Worried About Hurricanes Iselle and Julio? Here’s How Forecasting has Improved Since Hurricane Iniki

Weather forecasting has come a long way since Hurricane Iniki devastated Kauai 22 years ago. These days we can tell what’s coming more accurately and much farther in advance.


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This image from NOAA shows Hurricane Iselle (left) and Hurricane Julio (right).

In 1992, the only satellite capturing images of Iniki sat in geosynchronous orbit roughly above Texas. It was so far east, and at such an oblique angle to Hawaii, that its imagery was of limited use to National Weather Service meteorologists tracking the storm.

Today, the weather service has a satellite stationed above the eastern Pacific, offering a more direct view of the Islands. Its images have four times the resolution of the Iniki-era satellite’s, and it has a microwave camera that allows scientists to peer right into the structure of the eyewall. In addition, meteorologists today have more sophisticated computer hurricane models, as well as a Doppler radar system that can track nearby weather (up to 200 miles from Hawaii) on a minute-by-minute basis. This all adds up to better forecasts. Hurricane warnings are now issued 36 hours in advance, compared to 24 hours in ‘92, and the weather service can take a stab at predicting where a hurricane will be five days out, rather than three.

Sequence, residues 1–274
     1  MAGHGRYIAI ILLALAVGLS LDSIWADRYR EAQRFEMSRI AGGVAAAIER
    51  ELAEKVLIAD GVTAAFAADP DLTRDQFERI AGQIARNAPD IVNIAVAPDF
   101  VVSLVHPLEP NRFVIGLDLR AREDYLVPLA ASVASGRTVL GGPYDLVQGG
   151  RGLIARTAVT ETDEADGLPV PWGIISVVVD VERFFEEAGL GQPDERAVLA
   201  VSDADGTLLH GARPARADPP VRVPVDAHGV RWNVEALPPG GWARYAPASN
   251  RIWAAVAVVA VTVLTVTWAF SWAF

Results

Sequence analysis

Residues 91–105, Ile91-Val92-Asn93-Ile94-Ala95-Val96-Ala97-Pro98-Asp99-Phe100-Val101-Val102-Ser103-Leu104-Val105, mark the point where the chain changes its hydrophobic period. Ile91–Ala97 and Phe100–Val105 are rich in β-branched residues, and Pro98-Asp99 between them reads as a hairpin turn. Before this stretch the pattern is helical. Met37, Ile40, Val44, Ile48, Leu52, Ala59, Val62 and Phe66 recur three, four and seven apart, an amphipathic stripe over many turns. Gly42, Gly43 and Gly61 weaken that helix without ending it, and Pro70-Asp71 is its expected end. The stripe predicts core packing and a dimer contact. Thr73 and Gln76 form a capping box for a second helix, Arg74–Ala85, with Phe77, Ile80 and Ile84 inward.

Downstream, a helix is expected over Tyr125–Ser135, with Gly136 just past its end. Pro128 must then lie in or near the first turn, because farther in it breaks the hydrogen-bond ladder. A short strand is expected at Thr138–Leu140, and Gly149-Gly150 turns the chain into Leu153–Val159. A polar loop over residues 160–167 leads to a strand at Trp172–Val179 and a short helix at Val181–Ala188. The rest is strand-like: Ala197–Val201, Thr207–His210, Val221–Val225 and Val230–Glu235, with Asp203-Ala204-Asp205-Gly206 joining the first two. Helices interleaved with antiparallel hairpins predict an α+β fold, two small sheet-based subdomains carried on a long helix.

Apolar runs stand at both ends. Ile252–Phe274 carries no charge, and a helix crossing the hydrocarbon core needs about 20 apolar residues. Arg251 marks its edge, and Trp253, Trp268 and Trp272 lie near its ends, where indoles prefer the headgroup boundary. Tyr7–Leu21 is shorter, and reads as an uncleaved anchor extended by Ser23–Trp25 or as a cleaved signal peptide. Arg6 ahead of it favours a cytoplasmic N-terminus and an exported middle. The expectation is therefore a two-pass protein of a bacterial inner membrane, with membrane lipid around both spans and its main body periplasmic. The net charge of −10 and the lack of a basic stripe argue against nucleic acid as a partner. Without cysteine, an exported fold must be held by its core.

This article was originally posted as part of a story about Hurricane Iniki on Sept. 11, 2012.

 

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